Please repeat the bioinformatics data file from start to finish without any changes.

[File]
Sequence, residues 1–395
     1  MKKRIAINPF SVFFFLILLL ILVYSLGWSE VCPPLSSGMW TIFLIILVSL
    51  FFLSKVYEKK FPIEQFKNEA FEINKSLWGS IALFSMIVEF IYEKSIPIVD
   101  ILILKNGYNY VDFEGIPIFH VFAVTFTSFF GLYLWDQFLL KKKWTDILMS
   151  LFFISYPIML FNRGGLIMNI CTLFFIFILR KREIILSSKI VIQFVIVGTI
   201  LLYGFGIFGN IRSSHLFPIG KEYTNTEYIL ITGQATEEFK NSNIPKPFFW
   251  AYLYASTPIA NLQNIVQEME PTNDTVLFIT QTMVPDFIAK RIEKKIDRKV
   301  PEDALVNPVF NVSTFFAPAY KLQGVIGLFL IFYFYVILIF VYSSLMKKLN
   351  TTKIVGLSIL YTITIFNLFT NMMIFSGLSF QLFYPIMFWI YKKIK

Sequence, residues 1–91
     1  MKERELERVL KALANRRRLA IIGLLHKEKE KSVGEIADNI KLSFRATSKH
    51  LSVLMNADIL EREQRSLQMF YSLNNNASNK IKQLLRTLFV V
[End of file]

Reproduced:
Sequence, residues 1–395
     1  MKKRIAINPF SVFFFLILLL ILVYSLGWSE VCPPLSSGMW TIFLIILVSL
    51  FFLSKVYEKK FPIEQFKNEA FEINKSLWGS IALFSMIVEF IYEKSIPIVD
   101  ILILKNGYNY VDFEGIPIFH VFAVTFTSFF GLYLWDQFLL KKKWTDILMS
   151  LFFISYPIML FNRGGLIMNI CTLFFIFILR KREIILSSKI VIQFVIVGTI
   201  LLYGFGIFGN IRSSHLFPIG KEYTNTEYIL ITGQATEEFK NSNIPKPFFW
   251  AYLYASTPIA NLQNIVQEME PTNDTVLFIT QTMVPDFIAK RIEKKIDRKV
   301  PEDALVNPVF NVSTFFAPAY KLQGVIGLFL IFYFYVILIF VYSSLMKKLN
   351  TTKIVGLSIL YTITIFNLFT NMMIFSGLSF QLFYPIMFWI YKKIK

Sequence, residues 1–91
     1  MKERELERVL KALANRRRLA IIGLLHKEKE KSVGEIADNI KLSFRATSKH
    51  LSVLMNADIL EREQRSLQMF YSLNNNASNK IKQLLRTLFV V